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Re: Re: Hindi and Software

what's the problem in translating to a handful of indian languages
when it has already been translated to more than 50 ?
besides to me chinese appears more complicated than all the indian
languages put together :-) the reduced version (big-5) of chinese has 13060 characters, whereas each indian language was only about 50 (will all permutations of vowels and consonants about 250, so with 16 main indian languages, only 4000 characters, which is less than a third of chinese ). and actual chinese has 171,882,493 characters !

so you see the problem is in the mind, not in actual execution.
with a handful of dedicated people, successful localisation can
be done for all indian languages, including your favourite kannada/marathi.

fonts for all the languages have already been developed by GIST,
making the problem easier -
you can type MS Word documents in hindi/kannada/urdu if you like.
I had fun doing this in hindi and I recommend you download the fonts and try it out yourself.

also there should be automatic translators available between
Indian languages - on the lines of http://world.altavista.com
which can do conversions betwen english and chinese and other
languages. try it out ! the display should be available in the
font of the appropriate language. in fact this project should be
treated with some urgency.

the overriding benefit will be computer access to say 90% of indian
population in the next 10 years, vs. just 15-20 % in the same time
without localization.

cheers, - ruchir

Ruchir Tewari saw fit to inform me that:
>the biggest example of this is china - in china internet connectivity
>started 4-5 years after it did in india. however right now the chinese
>internet user base is already 5 times larger than in india. i think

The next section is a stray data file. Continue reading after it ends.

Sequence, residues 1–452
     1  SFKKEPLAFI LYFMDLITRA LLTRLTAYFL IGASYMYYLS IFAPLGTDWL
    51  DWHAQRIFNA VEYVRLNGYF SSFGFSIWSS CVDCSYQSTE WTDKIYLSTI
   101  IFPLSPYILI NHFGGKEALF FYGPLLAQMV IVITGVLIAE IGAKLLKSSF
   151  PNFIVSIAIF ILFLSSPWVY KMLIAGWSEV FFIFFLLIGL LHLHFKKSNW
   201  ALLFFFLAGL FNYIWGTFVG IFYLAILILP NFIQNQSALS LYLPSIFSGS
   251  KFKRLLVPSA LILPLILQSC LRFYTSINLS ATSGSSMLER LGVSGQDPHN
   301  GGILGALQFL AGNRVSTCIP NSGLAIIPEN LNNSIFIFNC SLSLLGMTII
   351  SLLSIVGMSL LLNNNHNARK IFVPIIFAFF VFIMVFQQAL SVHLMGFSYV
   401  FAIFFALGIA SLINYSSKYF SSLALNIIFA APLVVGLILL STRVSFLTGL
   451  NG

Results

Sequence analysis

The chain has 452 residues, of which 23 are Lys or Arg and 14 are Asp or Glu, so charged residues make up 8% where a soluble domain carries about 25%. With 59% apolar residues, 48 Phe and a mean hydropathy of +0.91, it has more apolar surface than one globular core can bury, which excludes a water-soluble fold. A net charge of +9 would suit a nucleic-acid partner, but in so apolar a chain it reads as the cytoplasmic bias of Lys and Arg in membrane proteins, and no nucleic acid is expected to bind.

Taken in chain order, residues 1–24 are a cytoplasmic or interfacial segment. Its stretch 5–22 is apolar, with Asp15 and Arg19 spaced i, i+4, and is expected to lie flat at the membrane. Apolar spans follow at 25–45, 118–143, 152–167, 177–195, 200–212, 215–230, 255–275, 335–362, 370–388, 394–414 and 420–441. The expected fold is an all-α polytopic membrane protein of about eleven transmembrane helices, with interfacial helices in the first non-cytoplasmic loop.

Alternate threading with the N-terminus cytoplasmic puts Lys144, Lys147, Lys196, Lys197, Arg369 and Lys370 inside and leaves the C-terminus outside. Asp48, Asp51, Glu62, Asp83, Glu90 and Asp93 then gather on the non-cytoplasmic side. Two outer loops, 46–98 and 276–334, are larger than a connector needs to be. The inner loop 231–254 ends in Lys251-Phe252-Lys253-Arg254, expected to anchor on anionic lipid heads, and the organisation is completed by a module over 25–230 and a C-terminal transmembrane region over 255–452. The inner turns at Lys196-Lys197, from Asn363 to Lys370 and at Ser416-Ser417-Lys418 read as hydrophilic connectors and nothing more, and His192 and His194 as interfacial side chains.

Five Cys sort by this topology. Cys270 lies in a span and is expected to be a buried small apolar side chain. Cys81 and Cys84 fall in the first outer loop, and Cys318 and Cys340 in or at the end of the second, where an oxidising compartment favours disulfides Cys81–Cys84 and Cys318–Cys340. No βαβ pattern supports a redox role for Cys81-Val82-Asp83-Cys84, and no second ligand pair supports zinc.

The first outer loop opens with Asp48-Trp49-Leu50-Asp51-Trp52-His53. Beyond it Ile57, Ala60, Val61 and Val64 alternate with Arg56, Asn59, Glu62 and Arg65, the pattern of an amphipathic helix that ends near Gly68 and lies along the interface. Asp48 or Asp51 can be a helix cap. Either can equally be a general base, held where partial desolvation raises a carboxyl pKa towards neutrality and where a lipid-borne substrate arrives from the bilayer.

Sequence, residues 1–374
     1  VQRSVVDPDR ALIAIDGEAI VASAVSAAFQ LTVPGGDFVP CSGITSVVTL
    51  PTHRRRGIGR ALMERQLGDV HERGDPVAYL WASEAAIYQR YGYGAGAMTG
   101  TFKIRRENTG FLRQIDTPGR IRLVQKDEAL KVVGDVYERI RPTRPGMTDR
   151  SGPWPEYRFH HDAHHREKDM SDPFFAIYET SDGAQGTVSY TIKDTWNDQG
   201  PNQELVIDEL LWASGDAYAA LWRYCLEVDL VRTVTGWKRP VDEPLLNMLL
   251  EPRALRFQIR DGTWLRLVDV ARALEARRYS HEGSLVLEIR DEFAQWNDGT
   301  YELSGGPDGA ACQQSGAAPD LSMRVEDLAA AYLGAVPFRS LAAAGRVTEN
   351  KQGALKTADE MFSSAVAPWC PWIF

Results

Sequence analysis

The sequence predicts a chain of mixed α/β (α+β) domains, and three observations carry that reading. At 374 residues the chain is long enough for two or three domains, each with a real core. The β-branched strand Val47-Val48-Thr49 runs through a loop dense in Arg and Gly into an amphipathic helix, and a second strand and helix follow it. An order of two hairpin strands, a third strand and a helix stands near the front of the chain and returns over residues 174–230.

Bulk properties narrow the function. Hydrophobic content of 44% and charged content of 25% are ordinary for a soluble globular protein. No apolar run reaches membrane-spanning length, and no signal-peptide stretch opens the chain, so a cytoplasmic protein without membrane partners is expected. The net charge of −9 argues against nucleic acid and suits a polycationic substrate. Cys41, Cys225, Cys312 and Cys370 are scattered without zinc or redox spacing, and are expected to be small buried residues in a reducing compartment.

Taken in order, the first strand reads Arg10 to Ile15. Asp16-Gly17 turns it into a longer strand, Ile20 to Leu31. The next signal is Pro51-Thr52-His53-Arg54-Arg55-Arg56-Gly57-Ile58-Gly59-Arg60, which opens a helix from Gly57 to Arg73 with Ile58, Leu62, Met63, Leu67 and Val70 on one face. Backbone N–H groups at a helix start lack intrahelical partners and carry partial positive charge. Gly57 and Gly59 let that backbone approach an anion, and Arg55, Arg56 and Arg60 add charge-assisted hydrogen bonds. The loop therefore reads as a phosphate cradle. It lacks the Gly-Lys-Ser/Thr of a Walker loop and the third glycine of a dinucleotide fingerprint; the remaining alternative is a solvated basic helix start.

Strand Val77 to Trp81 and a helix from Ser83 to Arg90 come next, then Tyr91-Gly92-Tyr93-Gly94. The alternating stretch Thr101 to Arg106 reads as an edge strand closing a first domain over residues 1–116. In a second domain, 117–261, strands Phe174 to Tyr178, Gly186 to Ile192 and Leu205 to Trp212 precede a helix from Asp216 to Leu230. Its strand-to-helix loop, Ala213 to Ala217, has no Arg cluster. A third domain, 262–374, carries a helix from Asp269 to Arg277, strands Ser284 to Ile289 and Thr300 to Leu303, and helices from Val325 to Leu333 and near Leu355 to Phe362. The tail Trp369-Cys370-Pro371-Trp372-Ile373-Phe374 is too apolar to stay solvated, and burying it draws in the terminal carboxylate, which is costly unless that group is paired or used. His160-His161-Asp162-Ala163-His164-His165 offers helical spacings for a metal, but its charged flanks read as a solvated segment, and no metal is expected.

>this is large part due to localisation - my chinese friends always browse
>the web in chinese instead of in english. the linux-chinese howto
>has been around for quite a while and people are fluent in using chinese
>from the regular keyboards.

But in china, chinese is the only language I suppose. Here in India a fellow
from south will say he wants kannada / malyalam / telugu / tamil.
A fellow from east will say i want all this stuff in assamese etc.
From north there will be demand for localization in Punjabi, etc.

If we try to localize in Hindi than still there are many people who are
not comfortable with hindi or they don't know hindi.

Take my case. I have learnt my 1-10 th std. in Marathi Medium in Karnataka.
There I had no Hindi Subject, Only English / Kannada / Marathi were the only three main language subjects. I have never learnt hindi, though I can speak and read
hindi because of my Marathi knowledge. :-)

See where the problem lies for localization in India :-)

My 2 cents.


Rajesh Fowkar                            rfowkar@xxxxxxxxxxxxxx
Kurtarkar Nagari,Bldg-C,T4, http://rajesh.computers.webjump.com Santacruz,Ponda-Goa-403401-INDIA Powered By : Debian GNU/Linux (Potato)
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